I met guitarist, producer, sleeve-artist and all-round enigma “Jacques Schitt” many years ago (he was in punk band the Bitter Lemmings back in 1979) and he told me his personal take on punk was influenced by two people; Syd Barrett and Salvador Dali. Which tells you all you need to know about him.

Marco claims to have an almost telepathic link with Jacques when they write songs together.

Steve Submarine-Captain is the drummer who Marco describes as, “hyper, cheeky, up for a laugh, a real powerhouse behind the kit, I’ve him known since school.”

Phil E Stein, the bassist, is, “the quiet one, but he’s our secret weapon, he comes up with nearly all the tunes, he loves the Stranglers they are entrenched in his DNA.”

Travis Walton Jnr on keyboards is, “our nice-guy, a brilliant musician he has his own band the High T’s and provides the whiskey when we practice.”

“If we don’t fit in with (the local scene) then that’s a big fucking plus not a minus. As you reach middle age, you’re less fearless about who you are, I guess you can either conform or go your own way and accept you’re on the outside and celebrate your non conformity.”

Released on their own label and available from this Friday (31 May) on CD only (at the moment) the Police Car EP is a strange brew of Happy Mondays, the Doors, the Blockheads ….a bit like a Hampshire backstreet pub version of the Beastie Boys jamming but irresistibly likeable once you know where these guys are coming from.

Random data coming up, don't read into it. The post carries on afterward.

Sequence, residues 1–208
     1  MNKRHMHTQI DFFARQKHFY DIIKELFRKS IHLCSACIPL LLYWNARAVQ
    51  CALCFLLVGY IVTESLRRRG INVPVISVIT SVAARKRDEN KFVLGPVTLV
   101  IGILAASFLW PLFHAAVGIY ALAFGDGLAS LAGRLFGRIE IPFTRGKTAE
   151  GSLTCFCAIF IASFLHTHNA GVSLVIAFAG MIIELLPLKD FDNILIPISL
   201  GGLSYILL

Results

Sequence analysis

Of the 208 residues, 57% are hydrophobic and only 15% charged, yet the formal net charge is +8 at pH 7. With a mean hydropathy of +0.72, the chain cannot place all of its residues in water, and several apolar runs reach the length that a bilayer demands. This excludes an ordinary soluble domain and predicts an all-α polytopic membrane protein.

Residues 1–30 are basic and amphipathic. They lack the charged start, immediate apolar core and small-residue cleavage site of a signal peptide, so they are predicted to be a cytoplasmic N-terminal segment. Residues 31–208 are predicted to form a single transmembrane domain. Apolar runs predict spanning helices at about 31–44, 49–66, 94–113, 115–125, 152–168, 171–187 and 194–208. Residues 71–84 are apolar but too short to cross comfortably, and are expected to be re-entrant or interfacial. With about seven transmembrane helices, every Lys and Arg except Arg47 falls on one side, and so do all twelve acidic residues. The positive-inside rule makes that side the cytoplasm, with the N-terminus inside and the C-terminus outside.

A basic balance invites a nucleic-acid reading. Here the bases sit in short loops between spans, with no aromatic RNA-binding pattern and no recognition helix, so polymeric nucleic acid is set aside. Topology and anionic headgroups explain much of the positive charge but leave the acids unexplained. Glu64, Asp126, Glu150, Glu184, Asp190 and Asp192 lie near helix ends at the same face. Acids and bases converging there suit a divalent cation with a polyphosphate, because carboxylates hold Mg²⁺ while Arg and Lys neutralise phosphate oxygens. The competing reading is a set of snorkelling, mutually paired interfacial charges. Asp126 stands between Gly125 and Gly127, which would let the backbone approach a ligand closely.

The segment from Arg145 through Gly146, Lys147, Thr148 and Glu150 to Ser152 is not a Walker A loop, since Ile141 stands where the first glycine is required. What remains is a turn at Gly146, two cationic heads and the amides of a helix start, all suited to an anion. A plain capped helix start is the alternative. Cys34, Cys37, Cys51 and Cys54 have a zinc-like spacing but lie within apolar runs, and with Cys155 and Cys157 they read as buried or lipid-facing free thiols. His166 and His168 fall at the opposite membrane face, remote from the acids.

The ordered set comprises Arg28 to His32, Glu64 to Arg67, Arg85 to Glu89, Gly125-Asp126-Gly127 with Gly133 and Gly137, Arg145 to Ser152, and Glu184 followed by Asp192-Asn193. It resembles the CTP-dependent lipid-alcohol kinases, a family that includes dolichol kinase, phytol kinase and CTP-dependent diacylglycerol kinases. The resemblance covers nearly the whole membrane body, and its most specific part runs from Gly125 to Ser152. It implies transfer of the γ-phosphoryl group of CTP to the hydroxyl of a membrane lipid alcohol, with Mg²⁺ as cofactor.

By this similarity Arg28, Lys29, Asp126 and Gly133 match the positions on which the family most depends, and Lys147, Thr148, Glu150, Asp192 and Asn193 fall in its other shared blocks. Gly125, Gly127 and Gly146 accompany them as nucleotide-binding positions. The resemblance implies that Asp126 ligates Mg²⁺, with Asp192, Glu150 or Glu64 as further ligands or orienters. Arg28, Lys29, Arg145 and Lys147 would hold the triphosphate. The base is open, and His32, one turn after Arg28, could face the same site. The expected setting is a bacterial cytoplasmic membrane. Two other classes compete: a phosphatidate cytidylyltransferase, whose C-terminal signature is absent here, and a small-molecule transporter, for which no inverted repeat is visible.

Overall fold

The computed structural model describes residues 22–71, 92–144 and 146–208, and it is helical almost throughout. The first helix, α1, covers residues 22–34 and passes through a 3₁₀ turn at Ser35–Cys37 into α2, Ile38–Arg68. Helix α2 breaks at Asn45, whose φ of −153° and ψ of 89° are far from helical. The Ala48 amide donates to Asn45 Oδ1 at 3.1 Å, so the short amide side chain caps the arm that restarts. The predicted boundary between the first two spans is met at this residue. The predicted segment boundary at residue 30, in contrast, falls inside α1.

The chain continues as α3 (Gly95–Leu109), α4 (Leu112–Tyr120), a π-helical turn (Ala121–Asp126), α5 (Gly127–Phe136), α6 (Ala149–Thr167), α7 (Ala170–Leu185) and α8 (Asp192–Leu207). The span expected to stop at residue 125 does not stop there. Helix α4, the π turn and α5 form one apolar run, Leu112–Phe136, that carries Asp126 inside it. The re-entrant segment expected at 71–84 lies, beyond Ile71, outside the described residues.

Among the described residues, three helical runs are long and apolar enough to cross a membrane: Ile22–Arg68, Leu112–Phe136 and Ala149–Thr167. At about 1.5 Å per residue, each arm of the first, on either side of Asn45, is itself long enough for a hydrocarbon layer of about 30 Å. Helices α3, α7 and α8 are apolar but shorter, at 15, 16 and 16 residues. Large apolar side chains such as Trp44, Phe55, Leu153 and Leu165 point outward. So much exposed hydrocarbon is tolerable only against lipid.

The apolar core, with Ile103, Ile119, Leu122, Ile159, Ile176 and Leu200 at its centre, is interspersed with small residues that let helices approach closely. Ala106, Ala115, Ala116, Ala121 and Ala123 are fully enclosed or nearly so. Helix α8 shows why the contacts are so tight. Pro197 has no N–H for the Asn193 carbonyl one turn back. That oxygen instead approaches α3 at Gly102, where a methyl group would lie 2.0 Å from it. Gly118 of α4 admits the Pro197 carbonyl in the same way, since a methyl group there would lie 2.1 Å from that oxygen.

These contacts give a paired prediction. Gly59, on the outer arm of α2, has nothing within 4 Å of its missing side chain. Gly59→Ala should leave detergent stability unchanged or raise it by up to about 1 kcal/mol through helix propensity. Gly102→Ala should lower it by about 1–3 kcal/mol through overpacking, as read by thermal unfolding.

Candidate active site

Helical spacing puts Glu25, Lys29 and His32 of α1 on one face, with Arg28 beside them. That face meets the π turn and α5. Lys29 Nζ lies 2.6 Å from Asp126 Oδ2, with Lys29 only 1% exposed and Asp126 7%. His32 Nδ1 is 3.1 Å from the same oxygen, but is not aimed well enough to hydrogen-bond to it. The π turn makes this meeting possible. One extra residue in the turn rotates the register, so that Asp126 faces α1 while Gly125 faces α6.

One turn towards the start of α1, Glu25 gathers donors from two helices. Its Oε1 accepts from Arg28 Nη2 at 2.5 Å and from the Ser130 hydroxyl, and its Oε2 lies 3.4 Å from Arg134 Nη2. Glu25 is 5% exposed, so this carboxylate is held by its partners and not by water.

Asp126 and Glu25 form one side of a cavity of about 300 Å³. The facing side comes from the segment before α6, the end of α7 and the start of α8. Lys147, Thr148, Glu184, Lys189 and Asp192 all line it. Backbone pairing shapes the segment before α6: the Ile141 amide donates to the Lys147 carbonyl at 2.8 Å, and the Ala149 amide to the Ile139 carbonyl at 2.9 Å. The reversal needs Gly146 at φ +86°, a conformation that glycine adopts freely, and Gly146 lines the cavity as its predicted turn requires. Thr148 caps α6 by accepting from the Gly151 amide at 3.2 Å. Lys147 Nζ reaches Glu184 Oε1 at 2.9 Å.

The million ideas and influences that buzz around Marco’s head are difficult to capture on a budget of fuckall but after a couple years of dodgy demos they’ve finally got down their live, wayward, sleazy groove on disc.

The guitar-playing is inventive, the flowing keyboards the perfect counter-balance to the hoarse from too many smokes vocals and the groove is intuitive. It’s the sound of a jam session coming together and taking flight, with the music playing the musicians.

Police Car stands out as it’s a famillar song (to us old punks) but it’s just such a perfect song for the band. If you’re a fan of both the Stranglers and Happy Mondays I guarantee you’ll love it!